by SJ Alexander
Age 12 at the time
I grew up in a small town outside of Chicago where the summers were so hot it felt like your skin was about to melt off and you would be happy because you suspected you would be cooler that way, and the winters were so cold your freshly-washed hair would freeze solid at the bus stop.
This was the end of the eighties, during the last gasp of the big poodle hair craze. In the eighth grade I had my crazy tangle out front teased up until it could ensnare low-flying bats. I was so proud of it! This, combined with my tendency to carelessly leave the house with the back of my hair still wet, and my fetching gigantic hoop earrings that could double as a belt in a pinch, meant I wasn’t one to wear a wooly hat. So, I was sick all the time, all winter long, and I tend to think that there was a relationship between my constant sickness and my habits.
Despite being smart overall (other than the hat thing), I was in the Math Facts for Complete Morons that year, which felt like torture to me. There was not a bone in my body or a dusty, forgotten corner of my brain that could make me retain math, I’m sorry to say. Even in college when I was required to take algebra and I did every extra assignment, studied hard, and stayed after to get help from the teacher, I barely squeaked by with a B. Now I’m pretty good with “practical” math, such as grocery store deals and restaurant tipping, but I was hopeless in those days. So there I was for the 4,000th time, studying basic math facts again.
Fact: I was deeply, deeply bored.
Fortunately, I had something else to focus on: I was completely in love with the boy who was across the room from me. I could stare at him for the whole hour, because our desks were broken up into two groups of rows that faced each other, with a big aisle down the middle. I was almost right across from him, but one row over, so lucky for me no one was blocking the view of his utter handsomeness.
Rather than fussing with fractions, I studied this boy. I noticed how many times in a week he wore his favorite sweater (orange with a snowflake pattern) and if he had gotten is hair cut (bowl cut to shorter bowl cut). Once he was out sick for three days, leaving me alone to twist and fidget in my seat as if I was being burned at the math stake.
Yearly, usually in January, the whole school would be hit by that coughy-phlegmy plague that lingers for weeks. I had an unsympathetic mother who would pretty much only let me stay home if there was good, solid evidence I was currently bleeding from a major artery or nonstop rocket-style vomiting. So there I was in my math class, at that stage of the cold where you feel like you need to sneeze constantly.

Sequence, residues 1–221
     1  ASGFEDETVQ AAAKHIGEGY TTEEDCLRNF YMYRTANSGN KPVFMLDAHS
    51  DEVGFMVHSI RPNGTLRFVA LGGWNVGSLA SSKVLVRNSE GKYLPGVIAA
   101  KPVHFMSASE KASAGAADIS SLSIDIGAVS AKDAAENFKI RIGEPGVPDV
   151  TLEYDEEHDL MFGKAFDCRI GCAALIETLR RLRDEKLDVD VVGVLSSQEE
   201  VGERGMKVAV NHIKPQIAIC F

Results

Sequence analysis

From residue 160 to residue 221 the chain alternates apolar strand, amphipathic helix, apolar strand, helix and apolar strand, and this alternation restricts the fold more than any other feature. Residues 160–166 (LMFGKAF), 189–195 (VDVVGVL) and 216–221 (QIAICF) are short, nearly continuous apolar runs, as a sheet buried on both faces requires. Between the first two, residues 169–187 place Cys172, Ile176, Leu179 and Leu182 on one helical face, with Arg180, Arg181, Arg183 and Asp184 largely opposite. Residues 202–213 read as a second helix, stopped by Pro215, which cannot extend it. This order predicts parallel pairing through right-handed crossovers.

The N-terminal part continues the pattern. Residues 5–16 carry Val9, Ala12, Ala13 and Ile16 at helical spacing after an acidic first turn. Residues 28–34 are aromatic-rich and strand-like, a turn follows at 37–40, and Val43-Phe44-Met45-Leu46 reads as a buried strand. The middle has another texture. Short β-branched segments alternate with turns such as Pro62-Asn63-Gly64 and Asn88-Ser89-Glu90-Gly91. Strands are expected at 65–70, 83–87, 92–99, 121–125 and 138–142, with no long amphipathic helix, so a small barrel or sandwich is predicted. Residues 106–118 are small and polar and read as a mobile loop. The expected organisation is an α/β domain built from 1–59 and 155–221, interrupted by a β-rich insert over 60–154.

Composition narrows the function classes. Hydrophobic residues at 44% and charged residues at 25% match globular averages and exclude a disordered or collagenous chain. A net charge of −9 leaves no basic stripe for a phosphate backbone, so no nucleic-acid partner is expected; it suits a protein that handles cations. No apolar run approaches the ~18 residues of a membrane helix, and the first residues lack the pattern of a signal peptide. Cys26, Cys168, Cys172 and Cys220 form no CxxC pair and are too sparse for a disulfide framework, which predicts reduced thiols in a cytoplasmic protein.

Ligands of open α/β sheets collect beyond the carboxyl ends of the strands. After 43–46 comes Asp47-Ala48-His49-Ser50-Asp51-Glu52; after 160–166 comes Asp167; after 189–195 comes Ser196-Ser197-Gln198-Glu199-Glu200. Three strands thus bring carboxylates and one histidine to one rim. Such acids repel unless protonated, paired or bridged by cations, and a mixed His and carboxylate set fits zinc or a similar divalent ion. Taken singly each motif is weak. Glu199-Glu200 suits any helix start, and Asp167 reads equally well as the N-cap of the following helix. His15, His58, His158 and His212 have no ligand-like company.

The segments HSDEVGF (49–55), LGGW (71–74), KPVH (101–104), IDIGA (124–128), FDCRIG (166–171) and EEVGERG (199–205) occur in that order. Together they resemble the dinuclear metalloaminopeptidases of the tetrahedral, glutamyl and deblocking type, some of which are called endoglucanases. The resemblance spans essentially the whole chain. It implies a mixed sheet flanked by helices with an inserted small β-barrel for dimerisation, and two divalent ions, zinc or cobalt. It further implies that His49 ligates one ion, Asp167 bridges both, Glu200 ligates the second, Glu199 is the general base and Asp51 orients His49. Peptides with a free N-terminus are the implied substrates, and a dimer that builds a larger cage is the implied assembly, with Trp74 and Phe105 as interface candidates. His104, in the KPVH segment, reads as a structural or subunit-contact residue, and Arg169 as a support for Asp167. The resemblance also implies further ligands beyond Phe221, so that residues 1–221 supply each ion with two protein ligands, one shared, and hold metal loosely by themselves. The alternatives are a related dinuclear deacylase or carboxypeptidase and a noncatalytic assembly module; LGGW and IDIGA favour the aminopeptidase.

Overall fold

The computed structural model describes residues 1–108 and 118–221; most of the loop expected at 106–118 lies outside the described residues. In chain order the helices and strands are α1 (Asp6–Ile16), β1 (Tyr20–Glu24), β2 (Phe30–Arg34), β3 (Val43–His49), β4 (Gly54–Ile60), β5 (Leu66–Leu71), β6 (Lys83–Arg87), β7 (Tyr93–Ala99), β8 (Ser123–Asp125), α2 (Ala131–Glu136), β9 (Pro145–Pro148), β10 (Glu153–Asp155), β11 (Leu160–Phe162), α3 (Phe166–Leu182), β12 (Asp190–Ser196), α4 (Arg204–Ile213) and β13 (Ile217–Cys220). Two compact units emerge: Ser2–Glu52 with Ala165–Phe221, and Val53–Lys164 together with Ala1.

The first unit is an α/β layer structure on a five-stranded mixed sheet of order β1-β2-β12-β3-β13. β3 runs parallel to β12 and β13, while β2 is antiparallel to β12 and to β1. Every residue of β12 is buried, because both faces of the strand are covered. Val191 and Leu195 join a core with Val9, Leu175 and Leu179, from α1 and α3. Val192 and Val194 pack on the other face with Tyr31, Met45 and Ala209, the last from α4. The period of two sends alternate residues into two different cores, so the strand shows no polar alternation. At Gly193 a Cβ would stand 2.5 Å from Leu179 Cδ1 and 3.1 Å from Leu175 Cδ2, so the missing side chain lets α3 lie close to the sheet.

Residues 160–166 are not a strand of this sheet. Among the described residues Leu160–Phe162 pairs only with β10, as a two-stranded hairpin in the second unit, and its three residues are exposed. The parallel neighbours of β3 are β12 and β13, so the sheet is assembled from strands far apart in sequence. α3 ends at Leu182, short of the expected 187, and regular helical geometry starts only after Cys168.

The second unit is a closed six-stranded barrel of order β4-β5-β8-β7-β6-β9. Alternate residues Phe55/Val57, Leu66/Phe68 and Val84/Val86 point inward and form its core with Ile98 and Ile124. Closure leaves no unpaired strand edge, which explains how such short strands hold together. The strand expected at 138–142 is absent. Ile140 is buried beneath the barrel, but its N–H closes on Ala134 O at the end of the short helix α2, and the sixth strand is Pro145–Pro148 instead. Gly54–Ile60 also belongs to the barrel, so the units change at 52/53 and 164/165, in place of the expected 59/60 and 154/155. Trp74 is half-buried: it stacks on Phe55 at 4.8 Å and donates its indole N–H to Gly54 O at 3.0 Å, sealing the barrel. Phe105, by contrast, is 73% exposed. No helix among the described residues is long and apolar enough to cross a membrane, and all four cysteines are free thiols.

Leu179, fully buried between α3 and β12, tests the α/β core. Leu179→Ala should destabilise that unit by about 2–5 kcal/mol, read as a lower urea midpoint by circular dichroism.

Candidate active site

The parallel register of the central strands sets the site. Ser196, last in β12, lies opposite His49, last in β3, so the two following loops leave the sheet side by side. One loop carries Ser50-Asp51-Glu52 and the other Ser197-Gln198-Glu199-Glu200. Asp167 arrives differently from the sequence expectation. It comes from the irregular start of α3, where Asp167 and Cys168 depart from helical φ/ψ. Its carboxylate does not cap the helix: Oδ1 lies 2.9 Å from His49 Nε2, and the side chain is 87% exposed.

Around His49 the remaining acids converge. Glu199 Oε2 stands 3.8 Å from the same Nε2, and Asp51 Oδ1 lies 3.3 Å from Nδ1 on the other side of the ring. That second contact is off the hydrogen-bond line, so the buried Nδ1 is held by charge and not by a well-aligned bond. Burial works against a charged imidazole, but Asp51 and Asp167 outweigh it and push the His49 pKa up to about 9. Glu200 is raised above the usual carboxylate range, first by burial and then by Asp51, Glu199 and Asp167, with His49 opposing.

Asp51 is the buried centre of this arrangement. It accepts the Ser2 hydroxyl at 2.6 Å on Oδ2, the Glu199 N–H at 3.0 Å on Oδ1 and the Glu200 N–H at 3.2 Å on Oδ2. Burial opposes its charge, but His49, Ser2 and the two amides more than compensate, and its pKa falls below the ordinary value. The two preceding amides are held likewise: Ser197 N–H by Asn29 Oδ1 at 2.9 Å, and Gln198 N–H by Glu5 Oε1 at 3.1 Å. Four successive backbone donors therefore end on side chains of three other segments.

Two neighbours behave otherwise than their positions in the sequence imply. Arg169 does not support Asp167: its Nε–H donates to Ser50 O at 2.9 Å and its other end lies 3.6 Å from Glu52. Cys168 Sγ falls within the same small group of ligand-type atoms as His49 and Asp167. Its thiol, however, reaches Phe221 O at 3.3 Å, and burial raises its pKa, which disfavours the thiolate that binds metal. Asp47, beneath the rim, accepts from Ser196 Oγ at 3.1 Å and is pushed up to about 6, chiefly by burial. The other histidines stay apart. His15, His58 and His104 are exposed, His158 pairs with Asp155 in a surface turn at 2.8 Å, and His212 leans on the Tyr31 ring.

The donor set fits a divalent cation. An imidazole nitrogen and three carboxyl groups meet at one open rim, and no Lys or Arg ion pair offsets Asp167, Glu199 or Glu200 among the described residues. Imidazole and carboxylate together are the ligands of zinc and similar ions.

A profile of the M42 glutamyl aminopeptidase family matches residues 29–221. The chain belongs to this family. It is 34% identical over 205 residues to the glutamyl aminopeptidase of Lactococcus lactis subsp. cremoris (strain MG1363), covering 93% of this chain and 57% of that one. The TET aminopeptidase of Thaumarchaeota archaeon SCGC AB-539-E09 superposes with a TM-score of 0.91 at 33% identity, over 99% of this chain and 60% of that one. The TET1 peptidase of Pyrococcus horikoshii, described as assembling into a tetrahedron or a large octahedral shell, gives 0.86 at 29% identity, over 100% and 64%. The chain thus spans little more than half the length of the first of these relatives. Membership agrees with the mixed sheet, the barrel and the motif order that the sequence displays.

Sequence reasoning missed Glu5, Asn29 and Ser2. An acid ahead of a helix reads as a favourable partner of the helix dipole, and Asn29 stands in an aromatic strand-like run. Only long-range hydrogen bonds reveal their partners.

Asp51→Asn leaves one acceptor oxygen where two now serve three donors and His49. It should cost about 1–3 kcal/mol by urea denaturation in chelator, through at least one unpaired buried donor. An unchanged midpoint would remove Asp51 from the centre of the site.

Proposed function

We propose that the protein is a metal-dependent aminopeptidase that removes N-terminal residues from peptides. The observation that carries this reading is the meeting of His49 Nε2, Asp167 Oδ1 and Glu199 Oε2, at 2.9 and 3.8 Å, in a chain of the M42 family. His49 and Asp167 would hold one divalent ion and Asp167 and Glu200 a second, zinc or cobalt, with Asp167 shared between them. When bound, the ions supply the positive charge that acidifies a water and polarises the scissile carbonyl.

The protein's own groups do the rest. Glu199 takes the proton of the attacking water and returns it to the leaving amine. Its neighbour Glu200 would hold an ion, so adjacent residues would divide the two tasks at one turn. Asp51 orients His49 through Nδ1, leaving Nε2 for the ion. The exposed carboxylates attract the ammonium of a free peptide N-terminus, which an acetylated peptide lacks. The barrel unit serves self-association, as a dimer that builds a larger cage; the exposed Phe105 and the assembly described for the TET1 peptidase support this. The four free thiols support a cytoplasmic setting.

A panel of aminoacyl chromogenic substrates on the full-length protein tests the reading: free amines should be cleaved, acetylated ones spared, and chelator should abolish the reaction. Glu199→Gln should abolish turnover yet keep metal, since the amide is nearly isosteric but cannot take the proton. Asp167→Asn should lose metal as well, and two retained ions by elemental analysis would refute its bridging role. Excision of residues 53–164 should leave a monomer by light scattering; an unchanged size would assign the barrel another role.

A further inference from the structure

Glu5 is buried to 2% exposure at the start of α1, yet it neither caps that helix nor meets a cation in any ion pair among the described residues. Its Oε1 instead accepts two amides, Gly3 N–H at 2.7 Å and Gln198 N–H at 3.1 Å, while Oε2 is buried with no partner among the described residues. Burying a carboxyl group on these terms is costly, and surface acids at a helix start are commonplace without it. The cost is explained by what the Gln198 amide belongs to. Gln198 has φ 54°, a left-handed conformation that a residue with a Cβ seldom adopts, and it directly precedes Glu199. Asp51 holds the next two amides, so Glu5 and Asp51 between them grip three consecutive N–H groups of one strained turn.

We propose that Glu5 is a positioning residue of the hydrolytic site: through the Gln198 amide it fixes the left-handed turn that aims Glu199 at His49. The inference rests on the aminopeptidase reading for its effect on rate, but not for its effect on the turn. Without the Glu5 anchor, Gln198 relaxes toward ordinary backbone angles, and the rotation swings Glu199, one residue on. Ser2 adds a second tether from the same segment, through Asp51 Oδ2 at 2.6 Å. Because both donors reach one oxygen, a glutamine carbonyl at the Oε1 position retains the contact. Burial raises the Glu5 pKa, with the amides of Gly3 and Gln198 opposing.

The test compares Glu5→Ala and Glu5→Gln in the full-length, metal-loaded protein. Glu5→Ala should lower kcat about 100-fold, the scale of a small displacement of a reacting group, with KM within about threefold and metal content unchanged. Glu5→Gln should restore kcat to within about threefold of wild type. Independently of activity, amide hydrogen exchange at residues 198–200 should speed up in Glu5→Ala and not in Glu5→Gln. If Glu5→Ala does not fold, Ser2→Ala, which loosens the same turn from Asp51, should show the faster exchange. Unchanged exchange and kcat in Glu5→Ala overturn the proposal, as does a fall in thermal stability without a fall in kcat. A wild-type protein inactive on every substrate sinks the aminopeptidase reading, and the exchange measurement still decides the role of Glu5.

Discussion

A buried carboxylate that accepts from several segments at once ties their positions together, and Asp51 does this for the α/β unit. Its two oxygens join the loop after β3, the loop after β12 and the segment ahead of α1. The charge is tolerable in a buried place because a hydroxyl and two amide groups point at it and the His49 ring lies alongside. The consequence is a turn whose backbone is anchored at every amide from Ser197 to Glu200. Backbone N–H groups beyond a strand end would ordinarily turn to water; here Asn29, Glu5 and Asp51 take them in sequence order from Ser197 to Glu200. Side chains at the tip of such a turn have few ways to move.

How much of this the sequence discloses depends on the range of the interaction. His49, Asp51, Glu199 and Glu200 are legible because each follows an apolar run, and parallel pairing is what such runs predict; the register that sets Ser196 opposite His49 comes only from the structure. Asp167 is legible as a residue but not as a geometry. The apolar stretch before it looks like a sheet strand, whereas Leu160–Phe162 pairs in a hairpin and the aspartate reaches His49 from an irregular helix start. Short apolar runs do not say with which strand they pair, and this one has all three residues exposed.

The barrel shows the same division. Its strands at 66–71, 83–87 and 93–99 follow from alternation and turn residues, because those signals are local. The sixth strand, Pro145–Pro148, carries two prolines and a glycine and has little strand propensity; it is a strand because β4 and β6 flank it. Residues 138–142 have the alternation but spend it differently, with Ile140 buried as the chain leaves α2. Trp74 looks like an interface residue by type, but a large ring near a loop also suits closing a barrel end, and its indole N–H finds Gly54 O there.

Fact: Middle school girls often find normal bodily functions embarrassing.
The whole class sat quietly, working on some math problems that were assigned in-class. I had the most tortuous tickle — it was as if the entire contents of my head were trying to escape. If only I was at home and could sneeze and blow until I felt better. But no. If I did that in class that would mean my classmates would know I was human, and did disgusting things like sneeze. If I couldn’t even sneeze, then noseblowing was ABSOLUTELY out of the question.
I kept holding my sneezes in, making pathetic little “Eep! Eep!” noises as I held them back, feeling more and more as if my head would pop. I would not be caught dead carrying something as practical and grandma-like as tissues, so even as I began to wish I had some, I continued suffering in squeaky near-silence. Some people, bored to death of their basic math facts, leaned over to whisper, “Bless you.” My math teacher had even thoughtfully provided a box of tissues on the corner of his desk for student use, but there was no way I was going to parade across the room in front of the boy I liked and fire up the schnozz trumpet.
Desperately, I began to consider my options. Could I make it up to the front and whisper for permission to go to the bathroom? I didn’t think so. My eyes were so watery that the math problems on the paper in front of me were beginning to blur and swim. I was going to … OH NO.
Fact: I was totally hosed.
“WHAA-CHOOOOO!” I lost it, breaking the heavy mathy silence that blanketed the classroom. I clapped my hand, covered with the too-long sleeve of my sweatshirt, over my upper lip, mouth, and chin which were all now densely covered with a shiny snot goatee.
I froze where I was, and glanced around furtively. A couple more “Bless yous” were tossed my way. No one seemed to be paying attention. Even the teacher was busy marking our pop quizzes from that morning. With trepidation, I looked across the room. There was the object of my secret love, brows knitted, working away at his math problem. Whew. Sleeve still in place, I hunched down over my work and tried to figure out what to do next as my face burned. At least I could see my paper again.
I scraped off a little bit of the snot goatee at a time. To this day, I think it was probably the most fluid that has come out of my head, ever. I thought, could I hide under my hands and ask for permission to go to the bathroom now? No. Even more embarrassing now that my face had exploded. I kept working away at it a little bit at a time. To my horror and deepening panic, the part of the sleeve I was working on became totally saturated and I had to roll the snot up inside my sleeve. I turned to the other sleeve, lamenting the fact that it was my favorite sweatshirt (I thought it was hilarious: “I think, therefore, I party,” plus it was big, warm, and comfortable). Would this ruin it? I still kept glancing up at the boy I was crushed out on across the way, who, as usual, did not notice I existed.